ADHD Medicines

What medicines are used to treat ADHD?
Some medicines used to treat attention-deficit and hyperactivity disorder (ADHD) are called psychostimulants. Some of these drugs are methylphenidate (brand names: Concerta, Ritalin), dextroamphetamine (brand names: Dexedrine, Dextrostat) and pemoline (brand name: Cylert). Although these medicines have a stimulating effect in most people, they have a calming effect in children and adults with ADHD.

Other types of medicine sometimes used to treat ADHD include clonidine (brand name: Catapres), desipramine (brand name: Norpramin), imipramine (brand name: Tofranil) and buproprion (brand name: Wellbutrin).

Do the medicines for ADHD have side effects?
All medicines can have side effects. Psychostimulants may cause a decreased appetite, a stomachache or a headache. The loss of appetite can cause weight loss in some people. This side effect seems to be more common in children. Some people have insomnia (trouble sleeping). Here are some ways to avoid side effects (like a fast heart beat, chest pain or vomiting) when taking psychostimulants:

  • Use the lowest possible dose that still controls the hyperactivity. Your doctor will tell you the right dose.  
  • Take the medicine with food if it bothers your stomach.  
  • Plan to use the weekends as drug-free days. This means, don’t take any ADHD medicines on Saturday and Sunday. Ask your doctor before you try this.  
  • Children who lose weight while taking medicine for ADHD can have extra healthy snacks during the day.

How should medicine for ADHD be taken?
It’s important to take the medicine just the way your doctor says-not more often and not less often. Follow your doctor’s advice even if you think the medicine isn’t working. Be sure to talk with your doctor if you think the medicine isn’t working.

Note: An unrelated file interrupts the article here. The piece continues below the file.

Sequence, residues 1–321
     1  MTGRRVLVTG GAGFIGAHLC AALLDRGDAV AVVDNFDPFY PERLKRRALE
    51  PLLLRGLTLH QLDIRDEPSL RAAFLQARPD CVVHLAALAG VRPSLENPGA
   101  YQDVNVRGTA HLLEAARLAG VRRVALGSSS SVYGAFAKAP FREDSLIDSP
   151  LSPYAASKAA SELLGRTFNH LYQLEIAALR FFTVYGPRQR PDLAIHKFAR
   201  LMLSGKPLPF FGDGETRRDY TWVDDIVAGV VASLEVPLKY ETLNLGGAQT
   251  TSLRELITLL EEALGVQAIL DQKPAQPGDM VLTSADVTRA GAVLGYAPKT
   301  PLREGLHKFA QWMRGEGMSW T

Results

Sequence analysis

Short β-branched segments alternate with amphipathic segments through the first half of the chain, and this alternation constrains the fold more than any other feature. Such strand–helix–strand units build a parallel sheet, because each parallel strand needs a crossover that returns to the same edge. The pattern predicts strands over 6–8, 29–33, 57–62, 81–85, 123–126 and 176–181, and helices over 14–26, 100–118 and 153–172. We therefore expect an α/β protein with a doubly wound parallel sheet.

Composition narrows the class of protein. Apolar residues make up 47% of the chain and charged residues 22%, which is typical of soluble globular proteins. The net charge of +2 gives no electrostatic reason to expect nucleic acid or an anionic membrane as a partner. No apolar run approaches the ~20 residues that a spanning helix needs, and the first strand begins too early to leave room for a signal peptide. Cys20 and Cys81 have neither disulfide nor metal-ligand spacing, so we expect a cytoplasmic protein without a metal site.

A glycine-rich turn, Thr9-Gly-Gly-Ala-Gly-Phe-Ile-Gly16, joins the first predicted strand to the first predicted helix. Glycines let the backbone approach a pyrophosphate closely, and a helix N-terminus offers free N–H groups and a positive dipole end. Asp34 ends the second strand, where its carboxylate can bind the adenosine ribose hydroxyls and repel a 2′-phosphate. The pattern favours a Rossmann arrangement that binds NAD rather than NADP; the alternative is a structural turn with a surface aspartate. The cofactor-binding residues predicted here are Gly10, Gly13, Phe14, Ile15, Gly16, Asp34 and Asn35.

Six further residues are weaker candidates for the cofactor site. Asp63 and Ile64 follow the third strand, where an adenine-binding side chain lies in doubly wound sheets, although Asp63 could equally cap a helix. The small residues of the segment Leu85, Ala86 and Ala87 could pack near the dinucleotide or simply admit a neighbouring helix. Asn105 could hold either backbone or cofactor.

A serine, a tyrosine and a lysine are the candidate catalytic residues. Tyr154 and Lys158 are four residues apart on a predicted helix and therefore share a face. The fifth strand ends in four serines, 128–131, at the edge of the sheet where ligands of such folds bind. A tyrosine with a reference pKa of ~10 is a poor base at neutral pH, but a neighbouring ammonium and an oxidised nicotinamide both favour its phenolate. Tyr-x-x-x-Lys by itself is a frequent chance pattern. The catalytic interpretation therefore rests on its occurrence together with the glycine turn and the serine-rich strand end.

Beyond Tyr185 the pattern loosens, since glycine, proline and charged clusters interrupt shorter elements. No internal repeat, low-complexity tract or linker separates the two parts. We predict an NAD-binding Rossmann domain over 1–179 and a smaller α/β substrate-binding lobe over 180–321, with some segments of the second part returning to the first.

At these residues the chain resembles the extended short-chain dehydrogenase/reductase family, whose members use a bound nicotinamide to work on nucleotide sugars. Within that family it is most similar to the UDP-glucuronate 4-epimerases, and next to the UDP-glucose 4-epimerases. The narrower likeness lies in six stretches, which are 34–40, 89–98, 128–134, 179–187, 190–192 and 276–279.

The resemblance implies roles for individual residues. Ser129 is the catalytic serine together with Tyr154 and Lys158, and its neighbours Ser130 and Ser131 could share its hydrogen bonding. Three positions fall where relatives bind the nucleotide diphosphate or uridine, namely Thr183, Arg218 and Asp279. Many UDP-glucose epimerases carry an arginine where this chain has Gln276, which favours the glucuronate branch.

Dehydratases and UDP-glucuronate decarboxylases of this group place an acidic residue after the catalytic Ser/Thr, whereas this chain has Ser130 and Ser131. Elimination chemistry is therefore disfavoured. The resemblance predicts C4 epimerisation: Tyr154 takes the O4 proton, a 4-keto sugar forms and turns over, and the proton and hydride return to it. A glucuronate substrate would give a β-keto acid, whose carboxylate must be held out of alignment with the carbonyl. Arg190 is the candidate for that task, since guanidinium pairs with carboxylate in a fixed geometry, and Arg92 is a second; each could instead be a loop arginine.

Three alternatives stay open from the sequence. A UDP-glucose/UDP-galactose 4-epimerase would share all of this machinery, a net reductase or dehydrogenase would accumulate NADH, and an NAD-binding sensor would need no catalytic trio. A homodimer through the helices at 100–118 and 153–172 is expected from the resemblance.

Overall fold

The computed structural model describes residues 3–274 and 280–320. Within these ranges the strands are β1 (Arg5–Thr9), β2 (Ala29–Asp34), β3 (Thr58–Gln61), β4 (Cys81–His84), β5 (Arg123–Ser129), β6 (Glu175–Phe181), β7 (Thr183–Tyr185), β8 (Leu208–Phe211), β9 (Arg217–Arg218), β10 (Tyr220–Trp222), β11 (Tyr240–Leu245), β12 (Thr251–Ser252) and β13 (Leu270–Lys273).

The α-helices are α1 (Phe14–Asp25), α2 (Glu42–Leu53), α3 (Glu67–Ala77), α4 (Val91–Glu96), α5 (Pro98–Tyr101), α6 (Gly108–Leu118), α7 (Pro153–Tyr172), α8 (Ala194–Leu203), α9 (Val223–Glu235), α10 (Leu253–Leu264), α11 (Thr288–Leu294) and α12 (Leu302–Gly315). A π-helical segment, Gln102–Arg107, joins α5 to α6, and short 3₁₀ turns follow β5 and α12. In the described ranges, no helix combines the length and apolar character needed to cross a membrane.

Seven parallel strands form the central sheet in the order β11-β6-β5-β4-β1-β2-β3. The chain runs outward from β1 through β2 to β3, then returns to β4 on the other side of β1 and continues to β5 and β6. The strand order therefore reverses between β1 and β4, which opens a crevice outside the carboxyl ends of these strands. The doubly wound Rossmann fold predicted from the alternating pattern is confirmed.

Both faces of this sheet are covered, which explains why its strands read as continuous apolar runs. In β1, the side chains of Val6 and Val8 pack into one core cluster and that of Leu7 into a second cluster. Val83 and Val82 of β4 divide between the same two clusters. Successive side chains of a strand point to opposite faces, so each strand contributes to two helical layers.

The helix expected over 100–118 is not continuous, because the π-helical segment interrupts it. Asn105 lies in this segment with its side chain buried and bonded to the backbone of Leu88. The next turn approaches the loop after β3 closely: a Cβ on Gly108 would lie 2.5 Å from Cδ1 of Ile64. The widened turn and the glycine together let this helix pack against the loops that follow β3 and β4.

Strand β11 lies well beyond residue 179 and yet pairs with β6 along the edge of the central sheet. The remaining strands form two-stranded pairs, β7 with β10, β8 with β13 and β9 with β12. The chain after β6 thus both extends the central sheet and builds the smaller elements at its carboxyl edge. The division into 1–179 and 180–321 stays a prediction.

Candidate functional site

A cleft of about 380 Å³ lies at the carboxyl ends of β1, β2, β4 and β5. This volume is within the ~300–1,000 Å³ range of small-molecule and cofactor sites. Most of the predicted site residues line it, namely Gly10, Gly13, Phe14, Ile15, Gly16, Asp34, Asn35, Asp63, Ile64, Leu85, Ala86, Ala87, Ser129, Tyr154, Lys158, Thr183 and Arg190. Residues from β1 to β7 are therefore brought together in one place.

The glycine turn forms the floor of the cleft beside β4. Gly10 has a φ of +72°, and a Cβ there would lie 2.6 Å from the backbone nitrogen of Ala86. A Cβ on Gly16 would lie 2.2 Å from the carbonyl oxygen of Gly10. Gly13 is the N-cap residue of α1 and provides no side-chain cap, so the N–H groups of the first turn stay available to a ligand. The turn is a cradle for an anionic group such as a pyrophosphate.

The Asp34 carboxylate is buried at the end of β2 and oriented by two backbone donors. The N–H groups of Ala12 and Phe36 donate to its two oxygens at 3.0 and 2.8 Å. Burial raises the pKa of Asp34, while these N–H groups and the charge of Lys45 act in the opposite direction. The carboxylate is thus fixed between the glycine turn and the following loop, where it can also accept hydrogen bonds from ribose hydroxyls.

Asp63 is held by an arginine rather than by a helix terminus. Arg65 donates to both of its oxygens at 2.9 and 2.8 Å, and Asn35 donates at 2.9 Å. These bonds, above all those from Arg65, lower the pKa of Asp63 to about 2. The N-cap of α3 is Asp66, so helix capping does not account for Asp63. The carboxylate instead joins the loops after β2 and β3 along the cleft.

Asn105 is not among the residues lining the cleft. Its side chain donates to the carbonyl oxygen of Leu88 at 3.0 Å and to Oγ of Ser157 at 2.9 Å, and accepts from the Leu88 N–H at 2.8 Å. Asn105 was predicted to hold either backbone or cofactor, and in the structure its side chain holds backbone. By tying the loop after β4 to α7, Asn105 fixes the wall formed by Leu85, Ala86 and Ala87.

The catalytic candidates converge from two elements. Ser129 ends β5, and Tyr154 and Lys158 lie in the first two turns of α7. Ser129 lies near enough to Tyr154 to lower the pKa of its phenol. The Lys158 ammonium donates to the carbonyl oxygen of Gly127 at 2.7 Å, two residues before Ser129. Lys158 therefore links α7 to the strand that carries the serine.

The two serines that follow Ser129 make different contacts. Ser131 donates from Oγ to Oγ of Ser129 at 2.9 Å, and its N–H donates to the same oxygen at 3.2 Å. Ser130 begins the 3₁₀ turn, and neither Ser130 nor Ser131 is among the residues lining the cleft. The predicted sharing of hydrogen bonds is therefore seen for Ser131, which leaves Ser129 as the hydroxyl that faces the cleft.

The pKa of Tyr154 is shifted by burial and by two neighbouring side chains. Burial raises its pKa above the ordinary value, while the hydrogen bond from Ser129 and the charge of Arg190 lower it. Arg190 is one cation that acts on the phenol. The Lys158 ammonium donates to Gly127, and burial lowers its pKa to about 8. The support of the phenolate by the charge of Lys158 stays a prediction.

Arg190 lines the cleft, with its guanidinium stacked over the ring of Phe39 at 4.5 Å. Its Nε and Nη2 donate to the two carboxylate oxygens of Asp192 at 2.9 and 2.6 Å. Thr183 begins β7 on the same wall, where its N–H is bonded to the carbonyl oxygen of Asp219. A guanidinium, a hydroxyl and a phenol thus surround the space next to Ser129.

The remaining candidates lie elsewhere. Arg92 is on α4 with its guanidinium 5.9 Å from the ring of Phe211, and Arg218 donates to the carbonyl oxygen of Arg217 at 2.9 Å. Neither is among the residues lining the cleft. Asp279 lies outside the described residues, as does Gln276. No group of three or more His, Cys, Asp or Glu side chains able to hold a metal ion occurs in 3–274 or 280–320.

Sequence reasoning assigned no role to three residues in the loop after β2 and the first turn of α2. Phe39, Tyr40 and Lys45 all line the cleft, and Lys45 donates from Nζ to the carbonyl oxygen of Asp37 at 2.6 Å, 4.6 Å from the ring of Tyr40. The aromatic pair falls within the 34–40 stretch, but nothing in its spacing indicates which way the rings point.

It’s best to take the medicine 30 to 45 minutes before a meal. Good times to take this medicine are before breakfast and before lunch. Lunch-time doses can be given at school for some children. If your child can’t take this medicine at school, tell your doctor. Your doctor might suggest a long-acting form of the medicine instead. The long-acting form of this medicine should not be crushed, broken or chewed before swallowing. The long-acting forms are taken only once a day, right before breakfast.

It’s also important to know that some of the medicines used to treat ADHD are called “controlled” drugs. There are special rules about the way controlled drugs can be prescribed, because these drugs could be used the wrong way. The prescriptions for controlled drugs, like methylphenidate and dextroamphetamine, must be refilled at the drug store every month. At some doctors’ offices, these prescriptions are only written on 1 day of the month.

Will the medicines also help with other problems?
The medicines used to treat ADHD have been shown to improve a person’s ability to do a specific task, such as pay attention or have more self-control in certain situations. It is not known whether these medicines can improve broader aspects of life, such as relationships or learning and reading skills.

How long will this treatment last?
People with ADHD should be checked regularly by their doctors. During these check ups, the doctor will want to hear what the parents have to say about a child with ADHD. Your doctor may suggest that your child take a break from his or her medicines once in a while to see if the medicine is still necessary. Talk with your doctor about the best time to do this-school breaks or summer vacation might be best. The teacher’s comments about the child are also important. The doctor will want to check a person with ADHD after the medicine dose has been changed. The length of time a person takes the medicine depends on each person. Everyone is different. Some people only need a short treatment, for 1 to 2 years. Some people need treatment for years. In some people, ADHD may continue into adolescence and adulthood.

Provided by ArmMed Media
Revision date: July 4, 2011
Last revised: by David A. Scott, M.D.